My favourites are Bill Evans live in Paris, Vol 1 and 2, top left, Chet Baker, top right (I have a great vinyl of his "tournée en Europe", as well as Memphis Slim that we used to go and listen to at Les Trois Mailletz, one of top jazz clubs in Paris in the 70s, and actually talk to him, my elbow resting on his piano...Priceless! My great friend and a very good pianist Cyril L himself. introduced me to these places when we were together at IUT de Cachan where we were learning electronics together. I just discovered today that Cyril was actually in the audience for the Bill Evans Vol 1 recording at ORTF in 1972! And although, we have talked music, wine (his Dad was a famous Burgundy wine merchant (Ah ces Aloxe-Corton, Cyril...) and girls, not necessary in that order! We ended up working together at Hewlett-Packard for many years. Great friend!
Et pour finir, a video from the INA archives, a tour of the Paris Jazz clubs of the time, including Tabou, Blue Note, Les Trois Mailletz and the Club Saint-Germain. Enjoy with no moderation!
I have used Spotify for a while to listen to music on my computer, but when it came to listen on my speakers, I was not satisfied with the glorified MP3 performance of the service...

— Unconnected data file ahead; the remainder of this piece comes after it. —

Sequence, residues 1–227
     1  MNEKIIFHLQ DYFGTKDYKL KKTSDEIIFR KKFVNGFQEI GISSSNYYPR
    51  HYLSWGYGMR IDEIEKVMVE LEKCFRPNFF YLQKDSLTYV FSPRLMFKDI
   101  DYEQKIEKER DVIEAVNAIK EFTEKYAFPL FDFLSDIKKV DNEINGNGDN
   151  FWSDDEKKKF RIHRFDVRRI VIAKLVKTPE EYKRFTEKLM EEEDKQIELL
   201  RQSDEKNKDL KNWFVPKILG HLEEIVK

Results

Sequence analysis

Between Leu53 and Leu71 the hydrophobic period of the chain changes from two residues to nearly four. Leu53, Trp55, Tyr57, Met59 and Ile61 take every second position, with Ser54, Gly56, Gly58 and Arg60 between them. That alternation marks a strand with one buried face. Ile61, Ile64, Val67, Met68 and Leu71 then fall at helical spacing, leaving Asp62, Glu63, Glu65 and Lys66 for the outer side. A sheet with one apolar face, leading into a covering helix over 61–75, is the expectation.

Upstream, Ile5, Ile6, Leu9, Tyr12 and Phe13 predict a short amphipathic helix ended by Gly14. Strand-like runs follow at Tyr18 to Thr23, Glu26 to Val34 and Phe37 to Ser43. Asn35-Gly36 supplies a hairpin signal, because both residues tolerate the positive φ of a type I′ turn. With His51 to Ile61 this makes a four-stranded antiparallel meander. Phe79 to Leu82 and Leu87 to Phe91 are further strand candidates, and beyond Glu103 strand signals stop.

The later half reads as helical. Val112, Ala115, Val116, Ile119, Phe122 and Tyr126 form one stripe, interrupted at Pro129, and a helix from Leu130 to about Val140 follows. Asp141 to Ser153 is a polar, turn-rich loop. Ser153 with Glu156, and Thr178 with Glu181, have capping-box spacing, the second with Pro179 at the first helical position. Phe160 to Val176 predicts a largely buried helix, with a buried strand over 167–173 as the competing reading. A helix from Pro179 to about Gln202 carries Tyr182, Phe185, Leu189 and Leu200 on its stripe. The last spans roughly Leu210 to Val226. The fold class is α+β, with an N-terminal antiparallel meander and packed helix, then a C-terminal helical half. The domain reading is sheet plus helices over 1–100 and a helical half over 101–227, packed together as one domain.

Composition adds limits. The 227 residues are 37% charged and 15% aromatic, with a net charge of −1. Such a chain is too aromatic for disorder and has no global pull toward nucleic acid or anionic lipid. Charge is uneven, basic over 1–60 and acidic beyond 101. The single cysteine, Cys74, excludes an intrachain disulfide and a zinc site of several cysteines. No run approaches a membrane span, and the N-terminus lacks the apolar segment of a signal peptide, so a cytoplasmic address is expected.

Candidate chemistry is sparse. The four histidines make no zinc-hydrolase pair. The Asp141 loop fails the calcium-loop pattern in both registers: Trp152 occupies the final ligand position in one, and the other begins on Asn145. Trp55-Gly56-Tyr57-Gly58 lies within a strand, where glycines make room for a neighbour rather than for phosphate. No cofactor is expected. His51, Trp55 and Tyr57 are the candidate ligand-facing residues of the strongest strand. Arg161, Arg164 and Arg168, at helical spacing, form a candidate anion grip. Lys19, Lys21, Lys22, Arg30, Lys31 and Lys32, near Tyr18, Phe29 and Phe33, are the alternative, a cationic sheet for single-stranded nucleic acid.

I have signed up to Tidal Premium six months ago and I have not looked back!
For less than the price of buying a CD a month at A$11.99, you get access to a vast library of music both recent or vintage, our subject at hand here.
I am getting lazy at times by playing via Tidal an album I have in physical form from the convenience of my iPhone6s and the comfort of my sofa!
Having said that, the classical music library is not as well populated as the other genres, but still significantly bigger than mine!
If you follow me on Instagram (and you should...), you will see the eclectic array of my music tastes and also how much music I consume via Tidal.
It has been particularly true recently as I am fine tuning the design of a new (and hopefully improved...) version of our 1980s speakers. There will be soon a series of articles on the Hardware page of this blog, so stay tuned!
Andrew Russell sings and play the guitar and the banjo. I have met him a few times at this market, but this is the first time I had a chance to record him. I hope you like it as much as I do
Michel Polnareff - Le Bal des Laze
I found myself whistling this song this morning...completely out of the blue. I don't even have a record from French troubadour Michel Polnareff. My sister was a big fan and had a serious crush on him, even managing to go to one of his concert. So I went onto Spotify first and to Youtube...
World Record Store Day 2015